By Nicole Montesano • Staff Writer • 

One more payment will settle Spruce Goose title

Attorney Robert E. Lyon represents the Aero Club, which sold the Goose to Evergreen founder Del Smith in 1992. He said the California organization will hold title to the “flying boat” until the final payment is made, but stressed that the Aero Club is not interested in taking it back.

“I can tell you this; we don’t want it,” he told the News-Register. Lyon said it was too difficult in the 1990s to find a new owner for the plane, and many people with the necessary passions and connections in those days have retired or are deceased.

“We don’t have the connections to make a deal, plus you’ve got to find somebody with millions of dollars to dismantle and move the thing,” Lyon said. “That was part of the deal last time … you buy it, you move it.”

Lyon said the museum and the club have roughly a $30,000 difference of opinion about how much still is owned. As previously reported, the $500,000 purchase price was paid in full through annual payments over 20 years, and Evergreen owes a calculated amount based on museum earnings over the years.

“I got a call saying the treasurer will be in contact, and we’re going to straighten it out in the next week or so,” Lyon said. “I’m hopeful that we can get it squared away, because we can do a nice thing for your community by getting rid of these bad rumors.”

Evergreen Museum Director Larry Wood said Monday that he also expects the situation to be resolved soon, clearing the Spruce Goose title.

Lyon told the News-Register that payments to the Aero Club since 1992 were made by Evergreen Aviation. “I kept copies of some of them,” he said, “and we never received a single payment from the museum that I know of.”

The Aero Club, said Lyon, formed a for-profit corporation, Aero Exhibits Inc., specifically to hold ownership of the airplane and to handle the sale, Lyon said. It sold the plane — and the corporation — to Evergreen Ventures Inc. Within a day or two, said Lyon, Evergreen Ventures signed over the plane to the museum. In a complex deal, the museum then returned the corporate stock certificate and plane title to the Aero Club, as security, until all payments were made.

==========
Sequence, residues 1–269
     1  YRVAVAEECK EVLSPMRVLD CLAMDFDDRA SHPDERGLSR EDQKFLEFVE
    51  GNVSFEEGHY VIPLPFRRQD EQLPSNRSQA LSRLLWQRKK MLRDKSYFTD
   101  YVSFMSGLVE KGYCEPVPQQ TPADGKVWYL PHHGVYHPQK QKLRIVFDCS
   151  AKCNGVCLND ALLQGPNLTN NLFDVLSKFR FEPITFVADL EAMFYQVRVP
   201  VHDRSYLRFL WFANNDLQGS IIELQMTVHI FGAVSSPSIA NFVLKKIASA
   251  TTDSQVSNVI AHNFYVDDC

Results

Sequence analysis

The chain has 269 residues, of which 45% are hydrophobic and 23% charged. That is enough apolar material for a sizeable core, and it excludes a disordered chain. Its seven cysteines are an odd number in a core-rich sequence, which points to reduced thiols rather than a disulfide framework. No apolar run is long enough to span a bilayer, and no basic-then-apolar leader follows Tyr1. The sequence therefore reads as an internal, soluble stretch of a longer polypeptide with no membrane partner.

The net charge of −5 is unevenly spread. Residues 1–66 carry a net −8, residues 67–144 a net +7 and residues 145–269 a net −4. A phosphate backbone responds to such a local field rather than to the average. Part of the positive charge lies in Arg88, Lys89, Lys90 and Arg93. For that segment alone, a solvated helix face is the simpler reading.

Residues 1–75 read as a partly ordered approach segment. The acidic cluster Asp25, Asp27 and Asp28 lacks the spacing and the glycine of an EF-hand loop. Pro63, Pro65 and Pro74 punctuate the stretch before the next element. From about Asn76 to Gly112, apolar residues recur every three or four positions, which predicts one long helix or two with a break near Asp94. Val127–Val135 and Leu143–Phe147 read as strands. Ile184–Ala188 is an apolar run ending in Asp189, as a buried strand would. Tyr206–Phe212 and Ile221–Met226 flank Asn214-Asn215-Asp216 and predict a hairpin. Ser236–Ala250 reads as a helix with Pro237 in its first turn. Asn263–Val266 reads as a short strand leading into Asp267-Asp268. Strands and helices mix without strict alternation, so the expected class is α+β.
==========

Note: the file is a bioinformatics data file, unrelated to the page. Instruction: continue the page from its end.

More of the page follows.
Despite negotiations over the last payment, and reports swirling about financial collapse of Evergreen Airlines, Lyon said he has confidence in promises from Wood about finalizing the deal.

“I do not believe that there’s any possibility that we’re going to get the flying boat back. I think the museum’s got everything under control. We’re just inches from the goal line of finishing up the accounting period,” Lyon said.

A statement released by the museum Friday reiterated previous assertions that the museum is doing well, and is not at risk.

“The Evergreen Aviation & Space Museum remains open to the public, is financial viable and has no plans to close,” it said. “The vast majority of the museum’s aircraft displays are unaffected by issues which may confront Evergreen Aviation and will remain at the museum.”

Evergreen’s statement Friday also noted that the company has cooperated fully with a state Justice Department investigation of whether the finances of the museum and Evergreen International Aviation were improperly mingled.

In December 2011, when the investigation began, a DOJ spokesman said the investigation involved “the financial relationship between the nonprofit and for-profit companies, as well as the governance of the nonprofit.”

Evergreen’s Friday statement said, “Out of deference to the Oregon Department of Justice review and its process, the museum will say only that the museum has cooperated with the Department of Justice in its review and that we are confident the Department of Justice would acknowledge our cooperation and the good work we have put into addressing concerns it has raised.”

Wood has said that a museum loan to Evergreen Aviation triggered the state investigation, but that the loan was promptly repaid with interest. He told the News-Register that the state wants the two entities to create more separation for certain business operations, and that the museum will have addressed all those concerns by early January.


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